Cabin F.Y.I.: The majority of staterooms include standard 110-volt AC electrical outlets and hair dryers (some also have Europe's 220 volt plugs). Check your ship's specifications to determine if you need an adaptor. In all grade cabins, most cruise lines include a mini-safe. As for televisions, while almost all cruise staterooms have them, the channel selection will vary and most, save for top suites, do not include a DVD player or VCR. Lastly, a good travel alarm is handy to pack as many cabins are not outfitted with alarm clocks (you can arrange wake-up calls, however). Also, many cruiselines do have a small refrigerator in the cabin. Check to see if your ship has a refrigerator should you need it to refrigerate medicine.
Tip: First-time cruisers - don’t forget to pack extra hangers, clothespins to keep curtains tightly shut on sunny mornings, a large insulated mug, a nightlight, an extension cord, a highlighter for highlighting the things you want to do on the ship's daily newsletter, and zip-loc bags for storing wet bathing suits and sunscreen. Also, make sure you bring along a first aid kit and some over the counter medicine for headaches, colds etc. Lastly, be sure to keep your passport and cruise documents with you at all times while traveling (and keep them in your safe while onboard). Also make sure you keep any valuables in the safe as well.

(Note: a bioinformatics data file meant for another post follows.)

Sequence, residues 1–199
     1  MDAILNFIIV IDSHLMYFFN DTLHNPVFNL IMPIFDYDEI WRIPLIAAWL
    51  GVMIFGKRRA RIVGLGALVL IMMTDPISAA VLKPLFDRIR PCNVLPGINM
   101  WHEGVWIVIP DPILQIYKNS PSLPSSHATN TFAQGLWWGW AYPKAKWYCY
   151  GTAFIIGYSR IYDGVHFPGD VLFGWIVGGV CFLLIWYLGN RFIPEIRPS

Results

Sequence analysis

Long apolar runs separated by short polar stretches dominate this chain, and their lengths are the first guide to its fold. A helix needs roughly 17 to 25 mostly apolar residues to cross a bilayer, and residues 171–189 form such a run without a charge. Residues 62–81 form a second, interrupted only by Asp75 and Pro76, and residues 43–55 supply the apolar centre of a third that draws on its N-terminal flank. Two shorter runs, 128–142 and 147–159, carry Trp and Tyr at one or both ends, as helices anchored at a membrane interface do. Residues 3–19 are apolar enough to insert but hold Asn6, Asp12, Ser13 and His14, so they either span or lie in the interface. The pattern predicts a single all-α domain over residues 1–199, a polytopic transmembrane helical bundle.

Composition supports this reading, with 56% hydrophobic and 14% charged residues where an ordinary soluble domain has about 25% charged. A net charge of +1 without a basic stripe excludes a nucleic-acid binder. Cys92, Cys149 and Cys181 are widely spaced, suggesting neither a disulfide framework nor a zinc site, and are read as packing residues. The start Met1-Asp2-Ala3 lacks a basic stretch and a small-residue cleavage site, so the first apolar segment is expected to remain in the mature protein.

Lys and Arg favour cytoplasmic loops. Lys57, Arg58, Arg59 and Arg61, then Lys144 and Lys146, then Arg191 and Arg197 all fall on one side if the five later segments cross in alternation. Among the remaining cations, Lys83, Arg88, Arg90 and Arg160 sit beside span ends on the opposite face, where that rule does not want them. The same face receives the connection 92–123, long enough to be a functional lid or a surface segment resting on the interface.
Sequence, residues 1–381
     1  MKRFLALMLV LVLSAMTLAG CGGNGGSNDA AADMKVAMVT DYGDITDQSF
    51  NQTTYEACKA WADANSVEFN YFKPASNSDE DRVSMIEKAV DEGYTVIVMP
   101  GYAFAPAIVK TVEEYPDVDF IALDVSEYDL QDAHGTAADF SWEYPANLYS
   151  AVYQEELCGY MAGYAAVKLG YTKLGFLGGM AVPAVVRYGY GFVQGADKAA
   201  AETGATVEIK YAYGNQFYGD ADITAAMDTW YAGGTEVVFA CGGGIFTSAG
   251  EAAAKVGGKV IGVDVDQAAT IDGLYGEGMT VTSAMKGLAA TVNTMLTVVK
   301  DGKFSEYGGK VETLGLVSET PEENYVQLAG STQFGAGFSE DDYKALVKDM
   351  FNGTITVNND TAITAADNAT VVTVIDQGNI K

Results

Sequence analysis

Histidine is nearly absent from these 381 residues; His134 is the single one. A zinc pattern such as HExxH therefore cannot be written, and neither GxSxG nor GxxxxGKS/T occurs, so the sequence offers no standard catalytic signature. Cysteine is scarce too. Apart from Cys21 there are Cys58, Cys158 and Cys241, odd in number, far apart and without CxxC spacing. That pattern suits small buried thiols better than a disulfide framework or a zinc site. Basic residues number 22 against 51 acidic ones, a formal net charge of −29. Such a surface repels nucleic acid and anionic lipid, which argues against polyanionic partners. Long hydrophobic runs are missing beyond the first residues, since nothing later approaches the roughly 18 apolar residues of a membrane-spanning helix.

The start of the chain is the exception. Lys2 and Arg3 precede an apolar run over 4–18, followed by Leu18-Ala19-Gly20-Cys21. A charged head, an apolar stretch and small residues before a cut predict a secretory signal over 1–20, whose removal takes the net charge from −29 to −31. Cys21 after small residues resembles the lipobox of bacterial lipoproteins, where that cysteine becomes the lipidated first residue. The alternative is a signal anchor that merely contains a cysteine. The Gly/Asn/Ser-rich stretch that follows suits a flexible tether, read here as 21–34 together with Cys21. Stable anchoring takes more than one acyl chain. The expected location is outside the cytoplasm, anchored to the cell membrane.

Making the Most of Embarkation Day…
Explore the ship and get organized: After you board, grab lunch in the buffet restaurant, and be sure to book spa services, specialty restaurant reservations and popular shore excursions as soon as possible. Many cruise lines now offer pre-booking options via your computer.
Muster/Safety drill: These typically take place just before the ship sets sail. Your attendance at the drill is mandatory and you should take it seriously. Be forewarned, crew members do come around to check that people are not still in the cabin. I know -- I tried to stay behind once when my toddler son needed a nap.
Visitors at the pier: While friends and family are welcome at most piers to see you off, for security reasons only cruise passengers are allowed to board the ships. This applies at ports of call as well.
Check out the ship's daily newsletter: Want to know about the port you're about to visit, what the show times are, what lectures are being held the next day or even what the drink of the day is? It's all in the ship's newsletter which is typically slipped under your door each evening (for the next day's events).